Finland : Citroen Sport - Preview
After an eight-week break, the 2007 World Rally Championship is about to get back into full swing. To get the second half of the season started on a high note, the action resumes with Finland's roller-coaster ride for which Citroën Sport
has entered two C4 WRCs for Sebastien Loeb
/Daniel Elena and Dani Sordo/Marc Martí.
The final run-in to the year sees the World Championship regulars face a programme of eight rounds in the space of just four months, and what better way could there be to get the ball rolling than the year's fastest fixture? The legendary feature of the Jyväskylä region's gravel roads which skirt vast lakes and hug the gently undulating countryside is of course the abundance of jumps that launch the cars high into the air.
"It's an extremely fast rally. You're on the limit from start to finish," says Sebastien Loeb
. "And of course there are all the jumps, many of which are followed by concealed corners. The challenge during recce is to gauge just how far you are likely to jump and at what speed you will take off. When the road turns after the crest, it's best to get your landing just right, and facing the right direction!"
The specific characteristics of the championship's ninth round make local knowledge more important here than on any other event visited by the WRC, and that will be especially the case this time round since 46% of the tests are new.
The first leg will take crews west of Jyväskylä, near Keuruu, while Jämsä will provide the backdrop for the second day's action to the southwest.
The final leg will take survivors to the Laukka region, to the north-east. The two Citroën drivers are taking the introduction of new stages philosophically: "The locals learned to drive on these roads," observes Dani Sordo. "They know them by heart and that's a big advantage. I've only done this event one before in a WRC car, so I've still got a great deal to learn."
"Just when I was beginning to find my marks," adds Seb! "It's obviously a key factor that promises to make the weekend even more complex."
For the championship's highest-flying fixture, Citroen's drivers know they will be able to count on an important ally in the C4 WRC. "Straight into our pre-event test programme," reports Seb, "my car felt nicely balanced and that's vital for Finland. We then worked with the team to fine-tune the set-up to make it even more competitive across the full range of conditions."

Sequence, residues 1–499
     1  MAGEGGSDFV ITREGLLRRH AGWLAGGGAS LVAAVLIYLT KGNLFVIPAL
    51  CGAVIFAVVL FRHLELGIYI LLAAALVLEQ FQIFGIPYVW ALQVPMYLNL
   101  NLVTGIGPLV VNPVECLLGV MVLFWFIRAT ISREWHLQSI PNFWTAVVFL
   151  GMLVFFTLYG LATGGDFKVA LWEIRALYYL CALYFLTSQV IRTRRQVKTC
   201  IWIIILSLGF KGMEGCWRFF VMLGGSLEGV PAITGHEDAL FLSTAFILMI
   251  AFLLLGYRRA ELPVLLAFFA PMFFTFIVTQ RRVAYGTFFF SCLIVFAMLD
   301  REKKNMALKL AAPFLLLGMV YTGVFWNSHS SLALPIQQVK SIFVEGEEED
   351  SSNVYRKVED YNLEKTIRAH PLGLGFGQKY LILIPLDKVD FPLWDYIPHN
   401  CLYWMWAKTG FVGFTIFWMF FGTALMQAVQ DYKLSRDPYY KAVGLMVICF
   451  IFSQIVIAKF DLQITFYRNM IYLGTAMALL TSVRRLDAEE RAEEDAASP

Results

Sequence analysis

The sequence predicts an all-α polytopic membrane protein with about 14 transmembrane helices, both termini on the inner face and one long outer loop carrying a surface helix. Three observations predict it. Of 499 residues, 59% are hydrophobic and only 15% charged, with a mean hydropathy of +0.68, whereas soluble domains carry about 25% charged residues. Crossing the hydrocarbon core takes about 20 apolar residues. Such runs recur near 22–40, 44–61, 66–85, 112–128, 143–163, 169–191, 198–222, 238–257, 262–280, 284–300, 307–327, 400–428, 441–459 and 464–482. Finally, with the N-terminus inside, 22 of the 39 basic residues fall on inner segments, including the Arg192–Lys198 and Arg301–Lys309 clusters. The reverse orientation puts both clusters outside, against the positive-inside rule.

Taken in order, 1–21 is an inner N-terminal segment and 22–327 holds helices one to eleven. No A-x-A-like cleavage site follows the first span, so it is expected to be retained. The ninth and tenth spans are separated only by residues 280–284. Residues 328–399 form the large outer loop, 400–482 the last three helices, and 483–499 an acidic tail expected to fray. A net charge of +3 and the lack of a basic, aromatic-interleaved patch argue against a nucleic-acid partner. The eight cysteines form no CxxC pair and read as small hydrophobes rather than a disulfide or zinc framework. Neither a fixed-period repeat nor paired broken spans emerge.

Dani echoes Seb's comments: "Over the different test stages we used, the C4 responded well. Its consistency and progressive handling are good for confidence and will allow us to push as hard as we choose to."
For Citroën, the mission in Finland will be simple: to maintain contact with its rivals and, if possible, score points. For that, the two drivers have their own approach: "I know I've still got a great deal to learn in these forests," accepts Dani. "It can be easy to make a mistake, and it only takes one… So I won't be out to keep up with the front-runners at all costs. I will endeavour to finish as close to them as possible in order to come away with Manufacturers' points."
Meanwhile, Seb is just nine points adrift of the provisional championship leader and has higher ambitions for the weekend: "It's quite simple really… I will do what I can to win. I will push to begin with and then see where we stand. That said, I can't afford to risk throwing everything away either because that would simply make matters worse. Our situation isn't easy but it could all change very quickly because Marcus Grönholm isn't immune from making a mistake either."
"Finland isn't the easiest of venues to resume the championship because it's one of the most complex events of the year," says Guy Fréquelin. "We will need a top result to keep our chances alive in both championships. Because of his lack of experience, it won't be easy for Dani Sordo. He and Marc Martí must try to score as many points as possible for Citroën. Sebastien Loeb
and Daniel Elena are fully aware of the situation and will be out to win, but they also know that complicating an already difficult picture wouldn't be a smart idea."